Some people like new instruments, others old ones - there’s room for us all in the bass playing world. 
 

As for what happens with my basses when I die, I hope my children want them and if they don’t then they can sell them/

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After reading his rather lovely book of bass, I would suggest a certain Mr Geddy Lee, from Toronto, Canada has most of them.....

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Working Mens clubs where they are forced to play the Birdy song on constant repeat by patrons drinking cheap bear and eating cheese and onion sandwich's from tin foil .All this under the watchful eye of the flat capped concert secretary who's chair you sit in under a sentence of death if you dare to have the nerve.Our bass's shudder with fright as it may be resting on its stand just where the bingo machine could later be appearing to be worshiped by the congregation of the for mentioned establishment.Not wishing to denigrate these places of merriment as this is where the fat stringed little buggers cut there teeth,but the thought of ending there days in the place that time forgot brings tears to my eye's for so many reasons. Mostly because  these were great place's to be many years ago but there demise through many reasons is not the place I would like the last ring of the string of my collection of bass's to be heard unless they brought genuine pleasure to the audience. In which case that would be ok.

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On 26/12/2019 at 13:14, EJWW said:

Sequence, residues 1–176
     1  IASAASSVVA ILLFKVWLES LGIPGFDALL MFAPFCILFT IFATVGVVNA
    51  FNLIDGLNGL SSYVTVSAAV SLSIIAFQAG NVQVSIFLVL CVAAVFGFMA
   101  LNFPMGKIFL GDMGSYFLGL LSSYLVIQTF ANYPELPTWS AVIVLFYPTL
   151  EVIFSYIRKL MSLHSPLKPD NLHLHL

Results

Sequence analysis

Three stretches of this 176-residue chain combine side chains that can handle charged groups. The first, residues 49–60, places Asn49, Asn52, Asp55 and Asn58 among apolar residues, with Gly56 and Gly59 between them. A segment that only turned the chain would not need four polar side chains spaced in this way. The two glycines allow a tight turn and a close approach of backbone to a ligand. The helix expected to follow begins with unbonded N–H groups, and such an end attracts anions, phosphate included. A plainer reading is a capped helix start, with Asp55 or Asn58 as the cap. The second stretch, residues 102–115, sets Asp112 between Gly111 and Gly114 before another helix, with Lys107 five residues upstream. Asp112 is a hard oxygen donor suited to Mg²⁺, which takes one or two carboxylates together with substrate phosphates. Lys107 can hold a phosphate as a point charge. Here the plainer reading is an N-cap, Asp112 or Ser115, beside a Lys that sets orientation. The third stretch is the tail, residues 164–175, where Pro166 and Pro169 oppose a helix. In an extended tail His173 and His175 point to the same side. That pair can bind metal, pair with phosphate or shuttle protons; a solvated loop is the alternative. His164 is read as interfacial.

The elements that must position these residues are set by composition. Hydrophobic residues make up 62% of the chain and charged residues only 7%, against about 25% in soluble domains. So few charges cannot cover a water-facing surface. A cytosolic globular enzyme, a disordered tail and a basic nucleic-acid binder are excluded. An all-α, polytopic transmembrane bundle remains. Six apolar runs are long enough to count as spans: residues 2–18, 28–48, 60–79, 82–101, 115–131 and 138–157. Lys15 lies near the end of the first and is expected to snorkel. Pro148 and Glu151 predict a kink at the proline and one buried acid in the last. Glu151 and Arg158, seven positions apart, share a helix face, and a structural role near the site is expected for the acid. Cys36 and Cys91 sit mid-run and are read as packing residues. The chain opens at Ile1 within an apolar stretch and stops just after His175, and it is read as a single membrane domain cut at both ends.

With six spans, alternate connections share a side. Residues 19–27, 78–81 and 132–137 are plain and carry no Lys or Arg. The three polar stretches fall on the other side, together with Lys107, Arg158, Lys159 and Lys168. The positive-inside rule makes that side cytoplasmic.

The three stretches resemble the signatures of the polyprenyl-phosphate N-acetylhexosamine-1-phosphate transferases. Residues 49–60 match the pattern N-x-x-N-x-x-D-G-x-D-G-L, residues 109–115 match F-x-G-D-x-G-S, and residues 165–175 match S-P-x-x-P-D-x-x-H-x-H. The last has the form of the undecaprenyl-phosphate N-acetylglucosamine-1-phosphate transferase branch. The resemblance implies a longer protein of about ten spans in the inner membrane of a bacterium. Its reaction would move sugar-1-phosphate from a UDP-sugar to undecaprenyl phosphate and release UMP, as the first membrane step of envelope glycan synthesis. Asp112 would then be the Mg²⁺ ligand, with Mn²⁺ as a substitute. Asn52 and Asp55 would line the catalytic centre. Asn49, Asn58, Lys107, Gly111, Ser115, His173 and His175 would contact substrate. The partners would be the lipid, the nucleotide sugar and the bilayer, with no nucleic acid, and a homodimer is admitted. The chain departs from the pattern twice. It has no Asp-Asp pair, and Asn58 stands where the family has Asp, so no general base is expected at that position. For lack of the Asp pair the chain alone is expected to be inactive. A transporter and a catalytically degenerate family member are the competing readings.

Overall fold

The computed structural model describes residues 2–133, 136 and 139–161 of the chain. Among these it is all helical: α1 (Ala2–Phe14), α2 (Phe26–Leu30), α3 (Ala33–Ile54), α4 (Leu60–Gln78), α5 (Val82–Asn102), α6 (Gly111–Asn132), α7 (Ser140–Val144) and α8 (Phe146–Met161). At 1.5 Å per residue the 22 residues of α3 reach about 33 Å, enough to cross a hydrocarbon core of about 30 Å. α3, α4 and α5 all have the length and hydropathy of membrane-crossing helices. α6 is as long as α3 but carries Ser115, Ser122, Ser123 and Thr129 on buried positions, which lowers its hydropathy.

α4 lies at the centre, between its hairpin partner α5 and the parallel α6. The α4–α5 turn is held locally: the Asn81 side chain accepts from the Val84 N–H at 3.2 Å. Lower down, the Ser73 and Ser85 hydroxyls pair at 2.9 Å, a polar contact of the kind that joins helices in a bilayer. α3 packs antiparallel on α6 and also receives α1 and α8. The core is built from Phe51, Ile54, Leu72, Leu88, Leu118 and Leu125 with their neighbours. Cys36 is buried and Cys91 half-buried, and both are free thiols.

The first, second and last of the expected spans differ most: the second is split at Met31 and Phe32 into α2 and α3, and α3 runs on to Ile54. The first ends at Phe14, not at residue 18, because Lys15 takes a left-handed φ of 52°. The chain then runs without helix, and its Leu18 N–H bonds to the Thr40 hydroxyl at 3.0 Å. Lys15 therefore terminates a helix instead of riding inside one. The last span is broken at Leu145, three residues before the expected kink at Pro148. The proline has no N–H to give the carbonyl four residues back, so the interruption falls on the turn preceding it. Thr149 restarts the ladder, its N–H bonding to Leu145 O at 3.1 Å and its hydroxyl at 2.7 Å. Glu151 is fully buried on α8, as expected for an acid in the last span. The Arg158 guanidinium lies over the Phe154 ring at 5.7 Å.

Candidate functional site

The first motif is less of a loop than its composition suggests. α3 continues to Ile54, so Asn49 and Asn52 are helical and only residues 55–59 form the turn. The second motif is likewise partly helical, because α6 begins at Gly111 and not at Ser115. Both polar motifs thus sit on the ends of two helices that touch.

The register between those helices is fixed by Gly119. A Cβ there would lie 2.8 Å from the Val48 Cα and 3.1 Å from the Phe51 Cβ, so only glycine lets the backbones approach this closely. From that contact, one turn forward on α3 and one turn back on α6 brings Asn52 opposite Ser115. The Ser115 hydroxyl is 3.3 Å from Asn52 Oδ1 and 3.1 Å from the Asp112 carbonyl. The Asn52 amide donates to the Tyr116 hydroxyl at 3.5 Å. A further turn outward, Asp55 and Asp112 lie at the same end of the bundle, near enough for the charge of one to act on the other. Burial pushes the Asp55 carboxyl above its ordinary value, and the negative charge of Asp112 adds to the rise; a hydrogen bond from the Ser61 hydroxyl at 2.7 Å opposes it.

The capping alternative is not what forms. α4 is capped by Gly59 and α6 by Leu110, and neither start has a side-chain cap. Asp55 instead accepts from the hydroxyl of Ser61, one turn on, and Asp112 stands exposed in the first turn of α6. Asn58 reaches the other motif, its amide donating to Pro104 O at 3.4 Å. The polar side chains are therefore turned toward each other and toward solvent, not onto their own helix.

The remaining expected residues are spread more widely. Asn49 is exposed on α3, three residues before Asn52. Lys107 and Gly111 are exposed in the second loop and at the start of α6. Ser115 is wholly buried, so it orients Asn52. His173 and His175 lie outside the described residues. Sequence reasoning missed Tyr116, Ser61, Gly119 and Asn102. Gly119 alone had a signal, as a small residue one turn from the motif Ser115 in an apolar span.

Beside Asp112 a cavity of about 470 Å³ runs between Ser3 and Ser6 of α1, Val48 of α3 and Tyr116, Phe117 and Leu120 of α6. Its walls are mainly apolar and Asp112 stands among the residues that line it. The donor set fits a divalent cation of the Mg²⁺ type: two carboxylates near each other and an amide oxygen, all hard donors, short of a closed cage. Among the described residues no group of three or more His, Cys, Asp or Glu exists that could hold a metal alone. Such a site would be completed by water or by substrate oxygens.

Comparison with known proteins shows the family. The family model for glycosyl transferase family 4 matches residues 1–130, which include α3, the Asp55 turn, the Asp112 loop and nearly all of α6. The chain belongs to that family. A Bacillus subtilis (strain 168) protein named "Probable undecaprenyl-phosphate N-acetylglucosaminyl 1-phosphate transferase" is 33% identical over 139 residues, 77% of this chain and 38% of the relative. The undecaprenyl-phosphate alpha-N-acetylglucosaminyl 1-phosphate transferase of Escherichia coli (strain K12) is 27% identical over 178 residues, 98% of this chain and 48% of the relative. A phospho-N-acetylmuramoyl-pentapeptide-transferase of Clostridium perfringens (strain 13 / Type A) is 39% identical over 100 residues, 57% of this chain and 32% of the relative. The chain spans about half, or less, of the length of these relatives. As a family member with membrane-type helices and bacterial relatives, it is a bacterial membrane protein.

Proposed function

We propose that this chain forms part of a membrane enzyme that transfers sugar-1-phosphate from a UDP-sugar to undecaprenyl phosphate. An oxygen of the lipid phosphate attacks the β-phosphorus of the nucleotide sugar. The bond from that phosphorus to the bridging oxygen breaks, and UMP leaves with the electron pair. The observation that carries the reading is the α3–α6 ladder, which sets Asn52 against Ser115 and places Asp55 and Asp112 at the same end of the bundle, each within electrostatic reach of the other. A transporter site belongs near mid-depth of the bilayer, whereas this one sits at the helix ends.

My uncle owns a 1962 Jazz bass. He is a total show-off and can barely play a note. I hope and pray that he will leave it to me in his will. In the meantime though what a waste.

 

You got the words to Red Barcheta wrong!

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There was nothing repairable or salvageable when my Framus finally died, so it went to the dump. Same for my Vox Foundation with a blown 118 cab. Six months of advertising it didn't even get 1 phone call. So to the dump it went.

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2 hours ago, chris_b said:

There was nothing repairable or salvageable when my Framus finally died, so it went to the dump. Same for my Vox Foundation with a blown 118 cab. Six months of advertising it didn't even get 1 phone call. So to the dump it went.

What a shame. I saw a serviceable Les Paul copy are a dump once but the guys wouldn’t let me salvage it.

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I killed my first bass with fire. ☄️💥👍

It was some sort of terrible EB0 copy 

Edited by Maude
I is fick.
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On 26 December 2019 at 21:28, ambient said: